Vitamin E is an antioxidant vitamin that is thought to play a role in protecting your cells against the effects of free radicals, which can damage cells and may contribute to the development of cardiovascular disease and cancer. Vitamin E has also been shown to play a role in immune function, in DNA repair, and other metabolic processes.
But if you're wondering if you should take Vitamin E supplements to prevent heart disease, cancer or diabetes, current research does not necessarily support this practice. The latest randomized clinical trials on Vitamin E and heart disease have raised questions about the efficacy of vitamin E supplements in the prevention of heart disease. The American Cancer society recently released the results of a long-term study finding that subjects who regularly consumed vitamin E supplements for longer than 10 years had a reduced risk of death from bladder cancer, but at this time researchers cannot confidently recommend vitamin E supplements for the prevention of cancer because the evidence on this issue is generally inconsistent and limited. As for vitamin E and diabetes, according to the American Diabetic Association, "large, long-term human trials of vitamin E supplements have failed to prevent type 2 diabetes."
In addition, a large meta-analysis published in 2005 reported that mortality was significantly increased in people who took more than 400 IU of vitamin E per day. Higher doses of vitamin E was associated with an increased risk of hemorrhagic stroke and heart failure. Given the lack of evidence that high-dose vitamin E does anything useful, most experts are now recommending that people stick to less than 400 IU/day, even though the stated tolerable upper limit of Vitamin E is still 1,000. If you do ever take a supplement, this is good to note. Also note that it would be virtually impossible to exceed recommended intakes of Vitamin E on a daily basis when simply incorporating Vitamin E-rich foods as a part of a well-balanced diet.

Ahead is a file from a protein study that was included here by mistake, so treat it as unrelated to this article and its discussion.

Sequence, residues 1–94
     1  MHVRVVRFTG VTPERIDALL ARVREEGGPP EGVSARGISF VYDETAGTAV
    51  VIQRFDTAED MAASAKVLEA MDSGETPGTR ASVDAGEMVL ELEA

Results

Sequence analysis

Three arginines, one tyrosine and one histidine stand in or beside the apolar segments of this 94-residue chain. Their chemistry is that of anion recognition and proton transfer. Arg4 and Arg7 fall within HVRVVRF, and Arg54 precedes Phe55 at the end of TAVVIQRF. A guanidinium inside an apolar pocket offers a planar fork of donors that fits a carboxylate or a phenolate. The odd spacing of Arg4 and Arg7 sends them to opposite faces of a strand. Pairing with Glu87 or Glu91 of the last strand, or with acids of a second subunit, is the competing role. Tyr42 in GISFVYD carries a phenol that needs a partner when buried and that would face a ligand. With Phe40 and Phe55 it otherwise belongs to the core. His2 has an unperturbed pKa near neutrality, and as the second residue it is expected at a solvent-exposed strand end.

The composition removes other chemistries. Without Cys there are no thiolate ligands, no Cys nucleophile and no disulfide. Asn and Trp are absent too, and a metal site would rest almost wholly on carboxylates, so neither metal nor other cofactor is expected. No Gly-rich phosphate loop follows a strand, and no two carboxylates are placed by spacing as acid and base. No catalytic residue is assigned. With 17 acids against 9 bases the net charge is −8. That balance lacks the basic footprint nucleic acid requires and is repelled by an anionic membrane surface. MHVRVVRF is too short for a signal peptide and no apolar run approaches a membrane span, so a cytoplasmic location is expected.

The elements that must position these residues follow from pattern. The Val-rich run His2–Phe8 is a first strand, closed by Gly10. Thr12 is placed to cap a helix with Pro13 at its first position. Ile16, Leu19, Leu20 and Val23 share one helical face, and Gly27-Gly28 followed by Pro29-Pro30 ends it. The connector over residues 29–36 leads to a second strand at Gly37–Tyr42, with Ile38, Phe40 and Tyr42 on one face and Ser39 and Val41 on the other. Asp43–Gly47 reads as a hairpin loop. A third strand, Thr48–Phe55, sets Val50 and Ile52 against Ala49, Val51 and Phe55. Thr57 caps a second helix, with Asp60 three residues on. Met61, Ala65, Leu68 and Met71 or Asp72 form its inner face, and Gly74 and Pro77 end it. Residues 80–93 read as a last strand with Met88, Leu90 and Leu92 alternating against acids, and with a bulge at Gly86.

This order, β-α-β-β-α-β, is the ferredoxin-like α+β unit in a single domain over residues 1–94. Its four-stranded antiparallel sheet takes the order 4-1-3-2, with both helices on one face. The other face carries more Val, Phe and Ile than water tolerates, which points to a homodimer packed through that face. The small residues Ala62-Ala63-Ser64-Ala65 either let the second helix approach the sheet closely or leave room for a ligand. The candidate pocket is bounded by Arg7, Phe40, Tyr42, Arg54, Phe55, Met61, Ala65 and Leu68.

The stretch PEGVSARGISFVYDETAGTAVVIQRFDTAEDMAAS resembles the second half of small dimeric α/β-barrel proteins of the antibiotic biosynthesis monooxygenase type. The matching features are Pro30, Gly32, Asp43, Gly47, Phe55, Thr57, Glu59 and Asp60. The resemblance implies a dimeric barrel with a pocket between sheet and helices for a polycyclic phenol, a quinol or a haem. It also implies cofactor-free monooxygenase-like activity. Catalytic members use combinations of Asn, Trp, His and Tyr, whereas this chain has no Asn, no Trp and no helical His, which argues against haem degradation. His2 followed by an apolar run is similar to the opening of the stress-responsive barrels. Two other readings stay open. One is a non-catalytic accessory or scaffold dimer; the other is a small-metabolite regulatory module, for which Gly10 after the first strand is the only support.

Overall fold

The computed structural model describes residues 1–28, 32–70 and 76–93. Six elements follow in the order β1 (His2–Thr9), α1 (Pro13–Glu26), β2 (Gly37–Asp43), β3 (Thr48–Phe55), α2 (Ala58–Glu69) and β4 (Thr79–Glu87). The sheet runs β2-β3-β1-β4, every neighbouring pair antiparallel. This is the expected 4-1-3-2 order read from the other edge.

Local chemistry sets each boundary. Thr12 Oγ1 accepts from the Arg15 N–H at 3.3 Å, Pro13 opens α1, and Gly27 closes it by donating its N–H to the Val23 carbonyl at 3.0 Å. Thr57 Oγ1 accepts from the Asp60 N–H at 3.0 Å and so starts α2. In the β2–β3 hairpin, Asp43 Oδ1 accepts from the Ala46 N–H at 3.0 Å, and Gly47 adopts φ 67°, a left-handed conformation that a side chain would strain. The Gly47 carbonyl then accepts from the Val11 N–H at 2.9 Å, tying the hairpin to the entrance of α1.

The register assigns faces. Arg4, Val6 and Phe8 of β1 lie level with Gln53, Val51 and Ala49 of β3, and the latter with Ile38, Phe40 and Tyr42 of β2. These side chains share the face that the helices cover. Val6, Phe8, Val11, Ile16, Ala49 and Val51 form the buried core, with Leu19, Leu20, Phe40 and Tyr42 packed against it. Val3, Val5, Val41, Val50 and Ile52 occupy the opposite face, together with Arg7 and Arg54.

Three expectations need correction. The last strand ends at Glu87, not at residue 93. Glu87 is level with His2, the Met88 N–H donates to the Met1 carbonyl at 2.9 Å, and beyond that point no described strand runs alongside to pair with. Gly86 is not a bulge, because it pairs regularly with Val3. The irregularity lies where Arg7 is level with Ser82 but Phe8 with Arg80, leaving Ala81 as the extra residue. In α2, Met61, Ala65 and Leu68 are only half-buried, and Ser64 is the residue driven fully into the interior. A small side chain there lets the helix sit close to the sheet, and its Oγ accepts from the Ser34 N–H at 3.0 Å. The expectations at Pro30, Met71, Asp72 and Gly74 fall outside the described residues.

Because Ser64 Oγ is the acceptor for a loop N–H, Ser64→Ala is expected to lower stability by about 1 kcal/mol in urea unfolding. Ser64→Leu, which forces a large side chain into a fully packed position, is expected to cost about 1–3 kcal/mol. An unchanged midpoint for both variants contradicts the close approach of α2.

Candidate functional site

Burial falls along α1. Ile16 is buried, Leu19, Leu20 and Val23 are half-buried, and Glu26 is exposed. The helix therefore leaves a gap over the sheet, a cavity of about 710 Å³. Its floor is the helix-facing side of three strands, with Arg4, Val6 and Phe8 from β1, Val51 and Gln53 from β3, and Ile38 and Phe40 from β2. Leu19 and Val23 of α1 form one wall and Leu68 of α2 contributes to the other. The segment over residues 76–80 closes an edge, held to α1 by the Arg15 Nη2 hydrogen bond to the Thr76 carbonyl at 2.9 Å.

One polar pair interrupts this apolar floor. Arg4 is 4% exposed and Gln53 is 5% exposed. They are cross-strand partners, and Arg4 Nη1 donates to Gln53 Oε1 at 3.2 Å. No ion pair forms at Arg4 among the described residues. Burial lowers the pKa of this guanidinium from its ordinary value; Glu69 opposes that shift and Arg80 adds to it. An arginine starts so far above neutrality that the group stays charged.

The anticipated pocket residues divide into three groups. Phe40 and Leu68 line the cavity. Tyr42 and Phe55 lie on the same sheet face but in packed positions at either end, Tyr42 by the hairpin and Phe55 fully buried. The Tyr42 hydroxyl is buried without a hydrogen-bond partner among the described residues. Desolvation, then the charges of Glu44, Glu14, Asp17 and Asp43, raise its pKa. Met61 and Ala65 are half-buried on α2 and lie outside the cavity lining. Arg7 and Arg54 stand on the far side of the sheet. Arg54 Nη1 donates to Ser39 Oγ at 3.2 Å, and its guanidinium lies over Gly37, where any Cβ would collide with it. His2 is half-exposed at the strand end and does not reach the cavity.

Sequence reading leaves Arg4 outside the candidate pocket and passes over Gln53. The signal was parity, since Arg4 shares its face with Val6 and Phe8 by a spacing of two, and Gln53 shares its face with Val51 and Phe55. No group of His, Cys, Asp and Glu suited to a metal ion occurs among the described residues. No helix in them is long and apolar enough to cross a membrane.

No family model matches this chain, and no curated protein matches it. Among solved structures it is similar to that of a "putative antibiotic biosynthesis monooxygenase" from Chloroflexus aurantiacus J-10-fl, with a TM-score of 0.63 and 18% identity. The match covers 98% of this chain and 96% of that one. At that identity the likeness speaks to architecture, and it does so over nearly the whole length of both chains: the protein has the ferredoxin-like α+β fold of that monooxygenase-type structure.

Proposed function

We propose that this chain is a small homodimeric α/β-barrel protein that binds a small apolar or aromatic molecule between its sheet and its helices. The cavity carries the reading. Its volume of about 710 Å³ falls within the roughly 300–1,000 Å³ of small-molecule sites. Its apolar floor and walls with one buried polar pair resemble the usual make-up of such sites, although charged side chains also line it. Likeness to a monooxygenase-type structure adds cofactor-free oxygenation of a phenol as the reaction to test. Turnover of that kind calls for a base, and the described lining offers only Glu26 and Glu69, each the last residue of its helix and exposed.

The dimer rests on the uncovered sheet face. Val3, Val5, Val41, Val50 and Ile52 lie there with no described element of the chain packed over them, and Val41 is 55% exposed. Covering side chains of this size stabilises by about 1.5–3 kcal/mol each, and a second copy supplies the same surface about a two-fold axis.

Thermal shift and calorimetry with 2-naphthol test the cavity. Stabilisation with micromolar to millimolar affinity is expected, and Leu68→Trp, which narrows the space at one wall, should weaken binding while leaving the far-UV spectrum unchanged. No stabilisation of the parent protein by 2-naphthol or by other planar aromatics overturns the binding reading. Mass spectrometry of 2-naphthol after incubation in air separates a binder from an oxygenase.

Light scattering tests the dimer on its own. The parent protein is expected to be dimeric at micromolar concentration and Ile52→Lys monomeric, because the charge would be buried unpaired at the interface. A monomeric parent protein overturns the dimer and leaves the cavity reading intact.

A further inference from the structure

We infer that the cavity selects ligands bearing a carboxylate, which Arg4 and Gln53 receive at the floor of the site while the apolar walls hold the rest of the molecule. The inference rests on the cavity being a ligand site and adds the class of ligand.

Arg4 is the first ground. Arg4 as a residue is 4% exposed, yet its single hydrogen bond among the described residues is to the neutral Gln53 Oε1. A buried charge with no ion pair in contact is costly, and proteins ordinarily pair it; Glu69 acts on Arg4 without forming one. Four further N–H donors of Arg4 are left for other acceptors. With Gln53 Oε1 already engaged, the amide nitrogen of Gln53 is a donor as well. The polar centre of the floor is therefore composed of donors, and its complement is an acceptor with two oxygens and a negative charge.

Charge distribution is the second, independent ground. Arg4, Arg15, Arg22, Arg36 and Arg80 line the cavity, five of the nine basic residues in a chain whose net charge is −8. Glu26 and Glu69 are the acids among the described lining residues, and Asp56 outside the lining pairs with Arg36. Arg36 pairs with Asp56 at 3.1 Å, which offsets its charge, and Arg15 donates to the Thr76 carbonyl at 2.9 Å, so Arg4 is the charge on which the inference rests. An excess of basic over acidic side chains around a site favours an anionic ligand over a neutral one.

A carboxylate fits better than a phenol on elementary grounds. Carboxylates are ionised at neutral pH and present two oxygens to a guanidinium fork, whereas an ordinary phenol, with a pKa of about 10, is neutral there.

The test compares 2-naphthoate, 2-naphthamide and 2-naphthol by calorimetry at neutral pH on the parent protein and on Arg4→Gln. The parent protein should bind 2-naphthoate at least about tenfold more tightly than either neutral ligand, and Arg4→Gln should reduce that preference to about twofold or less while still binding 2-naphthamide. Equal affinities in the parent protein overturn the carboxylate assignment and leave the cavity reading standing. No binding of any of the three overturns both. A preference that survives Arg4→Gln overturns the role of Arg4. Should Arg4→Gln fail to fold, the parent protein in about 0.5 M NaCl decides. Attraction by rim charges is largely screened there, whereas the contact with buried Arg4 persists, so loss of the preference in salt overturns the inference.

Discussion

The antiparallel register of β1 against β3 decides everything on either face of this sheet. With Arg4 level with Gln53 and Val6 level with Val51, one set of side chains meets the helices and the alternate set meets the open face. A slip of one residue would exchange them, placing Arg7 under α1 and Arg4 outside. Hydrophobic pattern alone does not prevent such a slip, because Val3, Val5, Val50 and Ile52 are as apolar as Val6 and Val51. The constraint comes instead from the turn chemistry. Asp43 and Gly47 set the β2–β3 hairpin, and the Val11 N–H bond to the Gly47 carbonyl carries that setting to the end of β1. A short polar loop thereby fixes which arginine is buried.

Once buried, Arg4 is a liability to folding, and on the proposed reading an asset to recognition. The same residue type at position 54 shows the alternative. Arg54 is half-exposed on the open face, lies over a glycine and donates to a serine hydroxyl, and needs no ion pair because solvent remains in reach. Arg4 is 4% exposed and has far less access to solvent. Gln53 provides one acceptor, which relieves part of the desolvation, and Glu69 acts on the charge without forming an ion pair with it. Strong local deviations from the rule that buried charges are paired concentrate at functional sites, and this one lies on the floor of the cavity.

Another thought on supplements: though it is unclear why, more and more studies are showing that taking an isolated antioxidant doesn't match the benefits of eating foods that contain the same antioxidant. One theory on this is that antioxidants have a synergistic effect and may need other nutrients to work in tandem with them. So you may not want to run out to buy Vitamin E supplements, but you certainly don't want to stop eating nutritious whole foods that are high in antioxidants, like Vitamin E, either. It may be that some undiscovered compound in antioxidant-rich foods is actually what is responsible for their health benefits, and you wouldn't want to miss out on whatever that is.